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TriSoldier Project
CREATED: 12/15/09 by pgfde121 REPLIES:
pgfde121's ravatar pgfde121    JOINED: 2/28/09    POSTS: 234
TriSoldier Project
POSTED: 12/15/09 2:09 PM

http://www.usatriathlon.org/pages/7994

Found this on the USAT email that goes out, so some of you may have seen it. However, if you haven't stopped to read it, I think it may be worth your time...for those of you looking for a "personal connection" to donate some money too...this might just be it...

By Jeff Trout

I joined the military in 1983, serving in the U.S. Air Force and later in the U.S. Army and Army Reserve until 2008. I originally got into Triathlon back in the '80s as a way to motivate myself to stay in the best shape I could while giving myself an outlet for my competitive nature. I feel I was pretty much like most soldiers - young, athletic and motivated. I've since become a USAT, USAC and USATF Certified Coach and I coach the University of California - Sacramento Triathlon Team.

In early 2009, I read an article in Men's Health Magazine. It featured soldiers that had been severely wounded in Iraq and Afghanistan. Ted Wade, a Sergeant from the 82nd Airborne Division, who had lost an arm and suffered brain injuries made a statement that stuck with me "Sports is, well, integral to the life of most American boys and men, especially soldiers. People don't know what it's like to have that taken away from you. I meet so many veterans for whom losing the ability to run and jump...well, they feel as if they may as well not even be living."

I can only imagine what it would be like to be put in that position, where I as a young athletic man, couldn't do those things. I feel that it doesn't have to be that way. With the right equipment and coaching, we can give these men and women back the ability to run and jump, and maybe more importantly, compete! It is possible to give them back some physical and mental control over their situation. It's important to give these individuals back their sense of worth and give them some lofty goals to focus on and accomplish.

This led me to start the TriSoldier Project, although it also includes Airmen, Seamen and Marines. There are other organizations out there doing similar things, but I'm focusing on just this segment of society and just the sport of Triathlon and Duathlon. As a member of the USAT Duathlon Comittee, I want to make sure that everyone knows that Duathlon is a multisport, with a national and world championship. Some would even say is harder than Triathlon!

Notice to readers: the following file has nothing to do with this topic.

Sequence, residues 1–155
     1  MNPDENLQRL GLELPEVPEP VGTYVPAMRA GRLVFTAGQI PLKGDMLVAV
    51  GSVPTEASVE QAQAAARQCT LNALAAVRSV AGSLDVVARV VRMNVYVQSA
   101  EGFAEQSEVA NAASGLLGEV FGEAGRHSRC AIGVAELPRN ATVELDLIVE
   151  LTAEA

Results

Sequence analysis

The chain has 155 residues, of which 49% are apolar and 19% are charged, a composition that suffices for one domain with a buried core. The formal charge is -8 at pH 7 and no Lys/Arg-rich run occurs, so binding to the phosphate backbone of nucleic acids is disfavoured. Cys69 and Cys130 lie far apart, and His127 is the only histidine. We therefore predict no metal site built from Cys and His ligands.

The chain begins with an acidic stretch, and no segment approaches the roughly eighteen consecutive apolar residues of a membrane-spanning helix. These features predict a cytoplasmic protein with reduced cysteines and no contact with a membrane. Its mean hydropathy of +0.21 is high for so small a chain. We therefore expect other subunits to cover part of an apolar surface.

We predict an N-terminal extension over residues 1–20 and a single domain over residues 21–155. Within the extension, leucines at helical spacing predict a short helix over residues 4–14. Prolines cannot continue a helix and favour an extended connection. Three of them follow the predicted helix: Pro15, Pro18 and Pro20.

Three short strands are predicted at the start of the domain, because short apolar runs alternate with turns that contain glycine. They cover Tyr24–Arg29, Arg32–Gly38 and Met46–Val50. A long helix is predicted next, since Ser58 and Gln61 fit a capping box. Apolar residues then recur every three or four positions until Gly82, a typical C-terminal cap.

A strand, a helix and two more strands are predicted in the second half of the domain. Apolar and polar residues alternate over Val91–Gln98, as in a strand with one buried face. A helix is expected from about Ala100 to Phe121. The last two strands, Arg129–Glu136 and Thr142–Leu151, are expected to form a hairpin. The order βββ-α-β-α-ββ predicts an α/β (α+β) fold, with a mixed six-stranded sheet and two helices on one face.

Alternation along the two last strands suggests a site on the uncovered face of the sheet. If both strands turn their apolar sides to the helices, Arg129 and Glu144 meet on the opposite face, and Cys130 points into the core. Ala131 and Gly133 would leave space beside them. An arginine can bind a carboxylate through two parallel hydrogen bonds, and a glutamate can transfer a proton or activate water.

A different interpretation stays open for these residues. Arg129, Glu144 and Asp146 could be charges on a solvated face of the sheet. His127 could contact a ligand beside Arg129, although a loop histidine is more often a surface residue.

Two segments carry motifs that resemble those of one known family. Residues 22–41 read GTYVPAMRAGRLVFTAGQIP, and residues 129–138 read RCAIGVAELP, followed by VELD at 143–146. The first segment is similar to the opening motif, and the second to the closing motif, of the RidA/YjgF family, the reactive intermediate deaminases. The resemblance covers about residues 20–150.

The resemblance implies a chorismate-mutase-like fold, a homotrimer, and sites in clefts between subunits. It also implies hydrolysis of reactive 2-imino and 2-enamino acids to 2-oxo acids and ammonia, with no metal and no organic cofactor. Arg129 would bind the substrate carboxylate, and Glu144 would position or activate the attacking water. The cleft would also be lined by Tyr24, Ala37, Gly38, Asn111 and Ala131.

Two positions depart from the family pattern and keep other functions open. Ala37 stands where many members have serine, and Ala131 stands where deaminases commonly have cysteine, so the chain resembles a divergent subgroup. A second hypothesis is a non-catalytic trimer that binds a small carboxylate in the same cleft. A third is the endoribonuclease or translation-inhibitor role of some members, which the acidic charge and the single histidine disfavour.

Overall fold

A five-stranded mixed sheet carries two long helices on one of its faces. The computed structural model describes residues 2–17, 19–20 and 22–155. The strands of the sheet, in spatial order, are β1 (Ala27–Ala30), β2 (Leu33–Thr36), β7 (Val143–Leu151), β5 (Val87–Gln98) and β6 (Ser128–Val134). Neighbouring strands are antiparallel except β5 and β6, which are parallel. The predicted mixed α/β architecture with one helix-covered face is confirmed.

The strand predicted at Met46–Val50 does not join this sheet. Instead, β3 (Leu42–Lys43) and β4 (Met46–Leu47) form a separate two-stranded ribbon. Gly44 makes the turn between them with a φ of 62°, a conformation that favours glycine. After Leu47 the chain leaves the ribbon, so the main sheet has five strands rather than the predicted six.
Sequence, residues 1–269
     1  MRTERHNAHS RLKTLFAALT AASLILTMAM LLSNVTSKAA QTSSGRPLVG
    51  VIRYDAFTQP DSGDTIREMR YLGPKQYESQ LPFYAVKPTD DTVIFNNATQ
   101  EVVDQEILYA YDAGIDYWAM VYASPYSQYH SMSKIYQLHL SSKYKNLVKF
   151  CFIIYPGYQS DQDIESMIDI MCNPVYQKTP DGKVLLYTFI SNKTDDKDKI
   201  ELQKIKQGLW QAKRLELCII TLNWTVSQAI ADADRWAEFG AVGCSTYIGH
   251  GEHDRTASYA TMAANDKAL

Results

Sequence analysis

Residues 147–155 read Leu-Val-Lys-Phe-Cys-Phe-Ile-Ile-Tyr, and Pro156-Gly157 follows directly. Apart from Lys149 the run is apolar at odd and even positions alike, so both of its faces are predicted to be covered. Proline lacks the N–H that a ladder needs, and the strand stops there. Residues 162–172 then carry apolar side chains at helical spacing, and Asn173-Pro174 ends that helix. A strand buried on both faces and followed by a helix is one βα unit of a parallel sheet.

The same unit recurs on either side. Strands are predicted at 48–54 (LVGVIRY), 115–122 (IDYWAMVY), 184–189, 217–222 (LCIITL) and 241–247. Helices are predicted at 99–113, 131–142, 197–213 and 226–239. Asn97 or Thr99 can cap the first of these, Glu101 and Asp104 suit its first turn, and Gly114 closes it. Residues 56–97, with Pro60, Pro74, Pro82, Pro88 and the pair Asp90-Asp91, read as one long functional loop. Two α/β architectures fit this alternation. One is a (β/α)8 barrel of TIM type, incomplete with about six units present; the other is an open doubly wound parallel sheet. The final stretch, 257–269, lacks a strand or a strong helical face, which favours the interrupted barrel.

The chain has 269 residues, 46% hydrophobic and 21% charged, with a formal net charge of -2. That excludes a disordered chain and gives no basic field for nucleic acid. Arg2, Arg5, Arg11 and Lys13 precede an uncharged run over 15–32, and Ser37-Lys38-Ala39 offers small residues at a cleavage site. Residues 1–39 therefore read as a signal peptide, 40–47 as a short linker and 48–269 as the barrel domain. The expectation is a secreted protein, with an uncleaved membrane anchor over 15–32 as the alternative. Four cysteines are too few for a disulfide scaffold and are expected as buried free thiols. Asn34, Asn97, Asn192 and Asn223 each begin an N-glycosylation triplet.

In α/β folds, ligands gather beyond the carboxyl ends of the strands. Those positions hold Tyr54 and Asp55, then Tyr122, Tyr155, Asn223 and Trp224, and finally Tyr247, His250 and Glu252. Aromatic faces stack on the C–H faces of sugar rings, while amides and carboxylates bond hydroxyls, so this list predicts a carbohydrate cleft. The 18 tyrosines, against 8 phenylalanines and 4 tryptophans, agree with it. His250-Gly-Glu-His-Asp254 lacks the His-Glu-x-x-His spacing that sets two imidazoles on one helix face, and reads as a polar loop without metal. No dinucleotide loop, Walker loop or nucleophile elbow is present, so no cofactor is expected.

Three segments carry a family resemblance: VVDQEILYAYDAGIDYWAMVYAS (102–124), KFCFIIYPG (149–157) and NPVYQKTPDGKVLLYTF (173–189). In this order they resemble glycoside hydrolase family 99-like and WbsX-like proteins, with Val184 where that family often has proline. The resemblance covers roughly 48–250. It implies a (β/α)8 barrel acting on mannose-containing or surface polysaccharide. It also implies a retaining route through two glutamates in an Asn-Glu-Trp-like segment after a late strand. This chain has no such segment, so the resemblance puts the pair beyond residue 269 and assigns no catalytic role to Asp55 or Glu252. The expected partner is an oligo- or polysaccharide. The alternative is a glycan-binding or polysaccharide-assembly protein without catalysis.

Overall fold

I started with the webpage and I've designed a desert camo bracelet with the TriSoldier Project logo and the American flag on it as a way to raise funds. I think I picked a bad economy to start a non-profit, but I'm going to stick with it. I'm donating my time and access to my TrainingPeaks account to disabled veterans who want to compete or just get in better shape. I have three goals for this effort:

•Secure the specialized equipment these athletes need - prosthetics, tandem, hand-bike, racing chair, etc. A disabled triathlete is looking at an equipment bill that is much higher than your average triathlete.
•Encourage these athletes to become USAT certified coaches and mentors to other disabled athletes.
•Build a training and testing center near Auburn, Calif., to host camps and other events for disabled triathletes, that will be built with theiraccessibilityin mind.
The timeline for each of these goals is dependent on how successful I am at fund raising. The first one, the coaching, is easy; it's just a matter of providing my services, which I am committed to doing. The next goal would be to get athletes that show an interest, certified and setting up a network of mentor coaches. My experience is that I learned a lot more about the art of "coaching" from my time in the military than from any other source. I'm sure there are some disabled athletes out there that already have the foundation to be a great coach, they just need the sport specific knowledge. The training center is a long term goal that hopefully will complete the circle.

100% of the funds raised by the TriSoldier Project will go directly to coaching, equipment purchases and expenses for disabled veterans participating it the sport of triathlon.

If you are interesting in donating to the TriSoldier Project, check out http://www.trisoldier.org.

Coach Jeff Trout is a former Air Force Pararescue Specialist, Army Officer and Master Fitness Instructor, as well as a USAT, USAC and USATF certified coach. He is currently owner of Cadence Performance Lab and the head triathlon coach for California State University - Sacramento. You can e-mail him directly here: jefft@cadencetraining.org

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